From when the fly-line is first peeled off the water until the launch point in the forward delivery, the fly-line must be kept constantly under tension, otherwise it cannot be controlled. There are some special casts which utilise slack line to achieve a desired effect, such as a negative mend but these are special cases and will be dealt with separately.
To achieve continuous tension the rod-tip must be accelerated at all times even though the rate of acceleration might only increase very gradually, in some instances.
Deceleration of the rod-tip will cause a loss of tension and the control of the fly-line, and furthermore it will result in the unloading of the fly-rod. If rapid deceleration occurs before the end of the casting stroke this will cause the rod-tip to track a concave path, which will result in a tailing loop.
Prior to casting the fly-line must be laid out on the water so that there are as few twists and turns as possible, otherwise when the fly-line is lifted this will cause slack in the fly-line.
To maintain continuous tension at the beginning of a casting sequence the fly-line must be held close to the surface of the water, so that there is no initial slack in the fly-line, and then the fly-line should be continuously peeled off the water until the line-stick can no longer hold back the fly-line. This will ensure that as much fly-line as possible is off the water and that there is a minimum amount of resistance caused by line-stick. At this point the fly-line can be easily lifted and led by the rod-tip to where the caster would like to position the fly-line. If the fly-line is lifted too quickly this will cause the line-stick to release the fly-line unexpectedly and the fly-rod to unload, thus causing loss of line tension and control.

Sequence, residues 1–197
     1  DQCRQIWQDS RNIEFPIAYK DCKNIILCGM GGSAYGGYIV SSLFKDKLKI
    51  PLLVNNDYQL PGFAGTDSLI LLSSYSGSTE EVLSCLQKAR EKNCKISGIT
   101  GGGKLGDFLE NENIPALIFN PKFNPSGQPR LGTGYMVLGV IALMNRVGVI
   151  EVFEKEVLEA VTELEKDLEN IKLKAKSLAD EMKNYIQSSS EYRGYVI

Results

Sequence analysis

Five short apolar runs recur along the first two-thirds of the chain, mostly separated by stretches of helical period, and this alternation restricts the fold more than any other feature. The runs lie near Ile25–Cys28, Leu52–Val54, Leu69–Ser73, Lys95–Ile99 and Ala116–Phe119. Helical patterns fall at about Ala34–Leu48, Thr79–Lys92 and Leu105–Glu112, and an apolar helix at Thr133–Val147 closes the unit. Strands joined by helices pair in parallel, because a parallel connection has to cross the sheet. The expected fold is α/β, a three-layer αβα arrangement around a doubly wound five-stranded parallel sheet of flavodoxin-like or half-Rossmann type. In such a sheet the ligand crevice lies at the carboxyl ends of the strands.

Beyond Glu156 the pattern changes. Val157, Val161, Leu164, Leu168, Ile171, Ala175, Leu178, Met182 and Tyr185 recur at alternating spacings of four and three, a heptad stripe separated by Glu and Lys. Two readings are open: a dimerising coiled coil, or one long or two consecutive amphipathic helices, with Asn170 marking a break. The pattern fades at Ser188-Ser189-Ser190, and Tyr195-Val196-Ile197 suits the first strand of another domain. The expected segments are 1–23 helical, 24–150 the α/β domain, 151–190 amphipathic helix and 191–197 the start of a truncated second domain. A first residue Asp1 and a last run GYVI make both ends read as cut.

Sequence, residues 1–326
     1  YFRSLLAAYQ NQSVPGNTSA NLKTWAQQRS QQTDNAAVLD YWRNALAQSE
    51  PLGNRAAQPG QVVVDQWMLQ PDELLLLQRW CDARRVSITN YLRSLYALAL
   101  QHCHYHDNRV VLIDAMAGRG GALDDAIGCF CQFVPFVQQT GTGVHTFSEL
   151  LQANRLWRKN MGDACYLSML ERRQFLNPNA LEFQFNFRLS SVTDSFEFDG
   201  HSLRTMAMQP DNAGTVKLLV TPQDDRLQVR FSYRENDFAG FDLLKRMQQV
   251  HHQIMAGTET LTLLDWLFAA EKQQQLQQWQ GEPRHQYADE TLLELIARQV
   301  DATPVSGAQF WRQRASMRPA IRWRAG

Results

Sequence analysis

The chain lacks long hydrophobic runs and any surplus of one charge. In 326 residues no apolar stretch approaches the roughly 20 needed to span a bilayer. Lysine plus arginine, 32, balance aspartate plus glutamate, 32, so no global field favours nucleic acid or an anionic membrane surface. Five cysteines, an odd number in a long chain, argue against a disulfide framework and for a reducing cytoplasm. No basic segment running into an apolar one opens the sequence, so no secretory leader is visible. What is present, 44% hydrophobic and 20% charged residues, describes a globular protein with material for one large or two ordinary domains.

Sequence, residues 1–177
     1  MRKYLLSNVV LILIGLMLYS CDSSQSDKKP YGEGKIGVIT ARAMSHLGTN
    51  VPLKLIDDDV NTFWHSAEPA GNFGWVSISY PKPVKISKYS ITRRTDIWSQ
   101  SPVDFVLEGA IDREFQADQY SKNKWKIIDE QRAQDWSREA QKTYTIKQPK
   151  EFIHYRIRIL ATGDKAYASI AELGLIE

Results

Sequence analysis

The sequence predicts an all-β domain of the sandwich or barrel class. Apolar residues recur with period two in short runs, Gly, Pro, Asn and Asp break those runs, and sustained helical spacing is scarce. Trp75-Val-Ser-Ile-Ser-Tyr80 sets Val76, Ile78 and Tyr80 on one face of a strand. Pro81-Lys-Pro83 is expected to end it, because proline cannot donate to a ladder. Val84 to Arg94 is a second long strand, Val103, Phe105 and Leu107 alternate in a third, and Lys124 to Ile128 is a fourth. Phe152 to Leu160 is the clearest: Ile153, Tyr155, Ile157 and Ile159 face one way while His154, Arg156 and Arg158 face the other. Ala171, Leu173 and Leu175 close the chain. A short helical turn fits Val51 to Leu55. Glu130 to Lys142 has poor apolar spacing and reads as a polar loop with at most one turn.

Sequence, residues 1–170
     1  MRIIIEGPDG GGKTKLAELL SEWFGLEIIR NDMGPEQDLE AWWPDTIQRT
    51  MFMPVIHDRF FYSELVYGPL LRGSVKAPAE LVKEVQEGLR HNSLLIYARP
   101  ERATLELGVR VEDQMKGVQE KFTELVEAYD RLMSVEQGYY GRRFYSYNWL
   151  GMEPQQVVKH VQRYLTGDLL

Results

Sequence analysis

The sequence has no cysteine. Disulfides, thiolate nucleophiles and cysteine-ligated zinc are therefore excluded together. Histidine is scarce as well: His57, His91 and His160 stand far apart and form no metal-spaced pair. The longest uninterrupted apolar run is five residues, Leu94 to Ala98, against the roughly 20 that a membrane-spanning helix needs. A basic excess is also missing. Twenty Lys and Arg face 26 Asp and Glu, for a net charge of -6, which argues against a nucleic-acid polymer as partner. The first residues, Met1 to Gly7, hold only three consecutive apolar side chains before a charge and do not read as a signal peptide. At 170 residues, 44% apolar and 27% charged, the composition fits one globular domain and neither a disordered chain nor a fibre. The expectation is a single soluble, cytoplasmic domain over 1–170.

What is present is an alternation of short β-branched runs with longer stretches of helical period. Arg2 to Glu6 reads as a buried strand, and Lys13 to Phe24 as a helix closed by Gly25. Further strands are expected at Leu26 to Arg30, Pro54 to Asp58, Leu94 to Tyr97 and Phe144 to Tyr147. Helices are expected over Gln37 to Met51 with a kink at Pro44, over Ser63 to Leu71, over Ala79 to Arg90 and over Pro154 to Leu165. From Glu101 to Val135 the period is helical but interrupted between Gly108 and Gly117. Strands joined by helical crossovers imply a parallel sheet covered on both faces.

During sweeping movements with the fly-rod and line it is also important to maintain acceleration and hence line tension. This means that the sweeps must be made in wide arcs ( all the way around the arc with no shortcuts) with the rod-tip leading the fly-line at all times. To do this effectively the full leverage of the fly-rod must be used for sweeping movements.
With the exception of special casts, at the end of the casting stroke a rapid deceleration of the rod-tip is induced by stopping the fly-rod abruptly. At the point of maximum acceleration, the fly-line is launched in the direction of the cast.
Sometimes, it is possible to maintain control after deceleration of the rod-tip and this is used to good effect in some Spey casts such as the Jump Roll, Circle ‘C’ and the Snake Roll, however to do these casts follow-through has to be employed to maintain tension on the fly-line.
Some instances where continuous tension is important are:-
- Lifting the fly-line off the water and sweeping round to set up the D-loop for a single Spey cast.
- Sweeping back and peeling the fly-line off the water when setting up the D-loop for a double Spey cast or a snap cast.
- Lifting the fly-line off the water and placing the anchor for a double Spey cast.
- Lifting the fly-line off the water for an overhead cast.
Below is an example of continuous tension employed in the second sweep of the fly-rod for setting up the D-loop, during a double Spey cast.